TAMPA, Fla. (WFLA) — Former WWE CEO Vince McMahon has returned to the company nearly six months after abruptly retiring amid sexual misconduct allegations.

The announcement came a day after the Wall Street Journal reported McMahon was plotting a shakeup within the company’s board of directors that would include reinstating himself and two former co-presidents and directors.

“Today, we announce that the founder of WWE, Vince McMahon, will be returning to the Board,” Chairwoman & Co-CEO Stephanie McMahon, Co-CEO Nick Khan and Chief Content Officer Paul Levesque wrote in a statement Thursday. “We also welcome back Michelle Wilson and George Barrios to our board of directors. Together, we look forward to exploring all strategic alternatives to maximize shareholder value.”

McMahon ceded creative control of the WWE’s television programs and other media ventures when he retired in July, but retained majority voting power through the company’s Class-B stock. According to the Wall Street Journal, the 77-year-old told the board last month that he intended to return because WWE’s media rights are heading into renegotiations, including its “Raw” and “SmackDown” programs, which air on USA Network and FOX, respectively.

Board members reportedly agreed that McMahon’s return to the company would not be in shareholders’ best interest, people familiar with the matter told the Wall Street Journal.

Recent filings with the Securities and Exchange Commission (SEC) indicate McMahon changed WWE bylaws so the board could not execute media rights deals – or sell the company – without his approval. McMahon currently controls 81% of the board’s total voting power.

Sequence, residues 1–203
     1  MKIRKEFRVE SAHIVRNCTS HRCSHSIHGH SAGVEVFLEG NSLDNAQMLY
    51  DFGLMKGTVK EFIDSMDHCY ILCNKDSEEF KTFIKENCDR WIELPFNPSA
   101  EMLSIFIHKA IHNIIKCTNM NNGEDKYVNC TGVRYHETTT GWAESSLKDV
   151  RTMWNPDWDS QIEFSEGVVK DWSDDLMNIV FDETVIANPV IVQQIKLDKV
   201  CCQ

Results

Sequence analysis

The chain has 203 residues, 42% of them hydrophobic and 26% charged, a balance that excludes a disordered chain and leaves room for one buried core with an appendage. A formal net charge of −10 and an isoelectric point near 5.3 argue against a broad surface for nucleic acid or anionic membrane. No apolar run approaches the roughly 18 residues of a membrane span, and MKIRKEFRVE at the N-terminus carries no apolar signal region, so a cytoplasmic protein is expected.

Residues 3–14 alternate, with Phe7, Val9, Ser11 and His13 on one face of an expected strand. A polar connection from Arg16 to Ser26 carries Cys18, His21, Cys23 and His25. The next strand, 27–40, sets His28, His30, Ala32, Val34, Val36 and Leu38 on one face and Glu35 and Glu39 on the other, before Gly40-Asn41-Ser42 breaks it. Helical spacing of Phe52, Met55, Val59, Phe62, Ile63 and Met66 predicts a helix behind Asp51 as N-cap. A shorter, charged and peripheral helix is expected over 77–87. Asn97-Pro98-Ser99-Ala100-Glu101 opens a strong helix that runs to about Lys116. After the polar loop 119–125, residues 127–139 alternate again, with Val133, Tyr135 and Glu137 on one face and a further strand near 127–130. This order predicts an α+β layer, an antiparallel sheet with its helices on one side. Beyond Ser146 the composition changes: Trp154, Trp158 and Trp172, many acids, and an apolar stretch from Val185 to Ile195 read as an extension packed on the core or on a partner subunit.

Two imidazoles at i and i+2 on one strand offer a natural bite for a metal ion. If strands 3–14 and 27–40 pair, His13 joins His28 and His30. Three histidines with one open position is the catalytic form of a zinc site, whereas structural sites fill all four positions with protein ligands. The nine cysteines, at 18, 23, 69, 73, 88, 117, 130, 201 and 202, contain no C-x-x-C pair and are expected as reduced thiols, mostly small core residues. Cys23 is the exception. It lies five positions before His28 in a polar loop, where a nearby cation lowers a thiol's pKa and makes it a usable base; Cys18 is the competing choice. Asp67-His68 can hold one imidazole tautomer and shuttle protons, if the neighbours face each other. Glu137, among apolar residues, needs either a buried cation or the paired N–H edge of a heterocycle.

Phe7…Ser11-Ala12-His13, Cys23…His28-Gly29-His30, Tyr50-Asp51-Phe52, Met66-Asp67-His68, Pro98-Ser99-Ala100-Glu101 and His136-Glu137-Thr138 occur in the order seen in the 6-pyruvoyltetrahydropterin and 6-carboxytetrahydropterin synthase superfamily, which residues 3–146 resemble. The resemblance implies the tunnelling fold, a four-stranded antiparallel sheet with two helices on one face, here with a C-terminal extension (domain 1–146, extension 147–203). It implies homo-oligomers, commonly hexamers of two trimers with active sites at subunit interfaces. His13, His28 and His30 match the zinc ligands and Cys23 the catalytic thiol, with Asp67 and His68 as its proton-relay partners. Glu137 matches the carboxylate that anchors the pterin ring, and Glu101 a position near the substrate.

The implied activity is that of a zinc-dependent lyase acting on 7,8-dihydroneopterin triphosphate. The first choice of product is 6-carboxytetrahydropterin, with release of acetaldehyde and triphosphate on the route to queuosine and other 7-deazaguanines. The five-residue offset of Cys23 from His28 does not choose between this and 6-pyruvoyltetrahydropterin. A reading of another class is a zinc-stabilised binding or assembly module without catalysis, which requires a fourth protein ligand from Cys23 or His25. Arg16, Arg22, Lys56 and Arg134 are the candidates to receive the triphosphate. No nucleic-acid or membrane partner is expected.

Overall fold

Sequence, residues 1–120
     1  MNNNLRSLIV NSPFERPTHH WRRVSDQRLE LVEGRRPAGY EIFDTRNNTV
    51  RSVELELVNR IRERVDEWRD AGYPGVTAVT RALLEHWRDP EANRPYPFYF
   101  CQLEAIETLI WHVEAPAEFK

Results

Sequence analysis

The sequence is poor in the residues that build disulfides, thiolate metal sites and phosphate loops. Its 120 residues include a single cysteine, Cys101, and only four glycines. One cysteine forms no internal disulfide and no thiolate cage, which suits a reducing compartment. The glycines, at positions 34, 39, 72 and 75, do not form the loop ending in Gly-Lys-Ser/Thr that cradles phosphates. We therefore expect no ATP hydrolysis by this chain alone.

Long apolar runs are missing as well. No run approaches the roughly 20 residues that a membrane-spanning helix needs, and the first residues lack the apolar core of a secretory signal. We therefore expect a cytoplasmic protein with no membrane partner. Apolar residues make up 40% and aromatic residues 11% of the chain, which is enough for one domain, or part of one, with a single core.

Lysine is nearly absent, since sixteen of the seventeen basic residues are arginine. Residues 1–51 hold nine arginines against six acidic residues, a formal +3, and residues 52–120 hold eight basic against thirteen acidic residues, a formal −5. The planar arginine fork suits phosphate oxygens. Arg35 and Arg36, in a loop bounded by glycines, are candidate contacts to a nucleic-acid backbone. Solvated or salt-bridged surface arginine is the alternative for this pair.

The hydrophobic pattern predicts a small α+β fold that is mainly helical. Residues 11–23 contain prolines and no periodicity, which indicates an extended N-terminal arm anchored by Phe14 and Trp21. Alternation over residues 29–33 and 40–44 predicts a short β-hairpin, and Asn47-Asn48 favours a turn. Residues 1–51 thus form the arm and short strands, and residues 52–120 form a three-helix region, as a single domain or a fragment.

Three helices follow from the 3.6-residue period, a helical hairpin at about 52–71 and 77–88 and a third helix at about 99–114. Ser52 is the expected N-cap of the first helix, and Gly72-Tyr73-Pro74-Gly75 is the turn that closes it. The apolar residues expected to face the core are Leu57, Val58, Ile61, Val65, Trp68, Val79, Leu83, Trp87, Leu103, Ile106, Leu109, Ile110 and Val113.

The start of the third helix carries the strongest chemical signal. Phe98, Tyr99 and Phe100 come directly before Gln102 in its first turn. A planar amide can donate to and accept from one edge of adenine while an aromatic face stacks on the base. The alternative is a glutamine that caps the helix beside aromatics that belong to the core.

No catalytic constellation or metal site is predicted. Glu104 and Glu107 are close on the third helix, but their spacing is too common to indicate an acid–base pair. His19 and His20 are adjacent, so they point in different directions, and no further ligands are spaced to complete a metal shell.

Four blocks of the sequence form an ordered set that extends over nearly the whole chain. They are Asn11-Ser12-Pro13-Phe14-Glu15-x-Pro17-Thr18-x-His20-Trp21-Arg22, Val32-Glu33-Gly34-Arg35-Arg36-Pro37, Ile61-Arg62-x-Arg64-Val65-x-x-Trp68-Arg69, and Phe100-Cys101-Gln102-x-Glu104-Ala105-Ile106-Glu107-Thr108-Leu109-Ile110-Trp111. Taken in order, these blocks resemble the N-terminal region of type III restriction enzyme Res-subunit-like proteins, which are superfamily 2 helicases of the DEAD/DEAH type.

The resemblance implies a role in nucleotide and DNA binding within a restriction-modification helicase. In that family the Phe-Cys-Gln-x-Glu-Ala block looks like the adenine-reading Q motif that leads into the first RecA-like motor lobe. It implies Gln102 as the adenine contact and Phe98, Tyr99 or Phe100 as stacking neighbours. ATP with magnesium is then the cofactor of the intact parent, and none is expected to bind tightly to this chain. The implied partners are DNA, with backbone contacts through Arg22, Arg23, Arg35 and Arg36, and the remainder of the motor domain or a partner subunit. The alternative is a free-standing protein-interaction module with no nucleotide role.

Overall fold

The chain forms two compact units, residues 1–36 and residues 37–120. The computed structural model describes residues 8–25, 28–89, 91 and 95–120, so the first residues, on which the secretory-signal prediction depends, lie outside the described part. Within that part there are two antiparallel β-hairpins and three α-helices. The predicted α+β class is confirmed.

“WWE is entering a critical juncture in its history with the upcoming media rights negotiations coinciding with increased industry-wide demand for quality content and live events and with more companies seeking to own the intellectual property on their platforms,” McMahon wrote in the SEC filings. “The only way for WWE to fully capitalize on this opportunity is for me to return as Executive Chairman and support the management team in the negotiations for our media rights and to combine that with a review of strategic alternatives.”

McMahon announced his retirement just over a month after the WWE’s board of directors announced an investigation into McMahon and John Laurinaitis, WWE’s head of talent relations, amid allegations that the CEO agreed to pay over $12 million to former employees with whom he had affairs. McMahon’s daughter, Stephanie, and then-WWE President Nick Kahn took over as Co-CEOs following his departure.

Federal prosecutors and the SEC launched inquiries into the payments, the Wall Street Journal reported.

McMahon removed three board members to reinstate himself and the two former company leaders – JoEllen Lyons Dillon, Jeffrey R. Speed and Alan M. Wexler. WWE said Ignace Lahoud and Man Jit Singh have resigned from the board, effective Thursday.